Rural Futures Matter: Ideas and Actions for a Sustainable Australia
September 21-23, 2011 at Flinders University, School of Education
Background and Context
Vibrant productive rural communities are integral to Australia's future, Australia's sustainability.
Because by the year 2050 it is estimated there will be an extra 3 billion people on planet Earth. For Australia, this means a population of at least 35 million which throws into sharp relief the fundamentals of a quality life for all of the nation's citizens in terms of food security, water, energy, environmental health, human services, governance, business, employment and so forth.
Today, with declining proportions of state and national populations, many rural and regional areas are struggling to remain viable in relation to essential human services like education and health, in the face of rising costs per unit of services required (as defined by certain views of economic costings and benefits), and the pervasive impacts of globalisation on rural economies.
It is also the case that around Australia things are happening ‘on the ground', in academia, by governments and private enterprise and through a myriad of community and regional level efforts of individuals and groups intended to enhance living, learning and earning in rural Australia.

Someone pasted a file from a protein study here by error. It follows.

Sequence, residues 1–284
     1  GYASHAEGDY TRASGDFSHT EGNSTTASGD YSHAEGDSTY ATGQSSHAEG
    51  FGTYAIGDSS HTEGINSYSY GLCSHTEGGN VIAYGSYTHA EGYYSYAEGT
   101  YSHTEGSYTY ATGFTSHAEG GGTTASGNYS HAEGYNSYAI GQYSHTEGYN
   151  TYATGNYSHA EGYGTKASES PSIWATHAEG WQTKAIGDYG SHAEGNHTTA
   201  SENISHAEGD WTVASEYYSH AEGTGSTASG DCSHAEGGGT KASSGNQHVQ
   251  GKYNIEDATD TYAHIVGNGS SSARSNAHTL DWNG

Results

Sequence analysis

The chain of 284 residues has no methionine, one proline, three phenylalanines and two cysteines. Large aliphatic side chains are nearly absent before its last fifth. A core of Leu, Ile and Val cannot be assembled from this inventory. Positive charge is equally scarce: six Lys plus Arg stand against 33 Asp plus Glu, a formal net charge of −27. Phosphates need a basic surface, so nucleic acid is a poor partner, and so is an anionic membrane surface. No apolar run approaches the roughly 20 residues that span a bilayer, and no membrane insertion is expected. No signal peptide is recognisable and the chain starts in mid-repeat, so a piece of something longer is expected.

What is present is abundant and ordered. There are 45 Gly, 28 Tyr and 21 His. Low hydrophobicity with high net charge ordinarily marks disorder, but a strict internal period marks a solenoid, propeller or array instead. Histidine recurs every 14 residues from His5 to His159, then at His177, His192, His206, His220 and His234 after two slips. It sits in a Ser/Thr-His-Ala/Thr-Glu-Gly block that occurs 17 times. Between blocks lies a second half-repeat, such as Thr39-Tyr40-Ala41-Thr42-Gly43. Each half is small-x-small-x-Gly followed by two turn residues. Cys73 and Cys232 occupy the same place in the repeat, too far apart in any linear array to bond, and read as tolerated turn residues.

However, much of what is being done and planned is not linked and leveraged. This means that the potential of rural communities to shape their own futures and the future of Australia is not optimised.
In view of the above, The Sidney Myer Chair of Rural Education and Communities in partnership with the Society for the Provision of Education for Rural Australia (SPERA) and Rural Education Forum Australia (REFA) will hold a National Summit from September 21 to 23 at Flinders University in 2011. The summit will be an open event.
The main outcome of the summit will be a set of recommendations for advancing the focus of the summit- Rural Futures Matter- for rural communities, individuals and for the nation as a whole.
The recommendations will be produced via a three stage process.
- The first stage involves a 30 minute Critical Input from a researcher or expert, or a representative of an organization or body, with some of the input oriented towards actions/solutions and framing of a recommendation or recommendations.
- The second phase involves summit participants processing the inputs and the recommendations in small groups.
- The third phase involves brief reporting back to the full summit and prioritising recommendations.
The plenary session of the summit will be used to agree on a set of recommendations for public dissemination, together with other items, to promote the outcomes.
The summit organisers will work especially hard and strategically to ensure there is a effective diversity of presenters to maximize generating a set of recommendations to advance rural futures matter.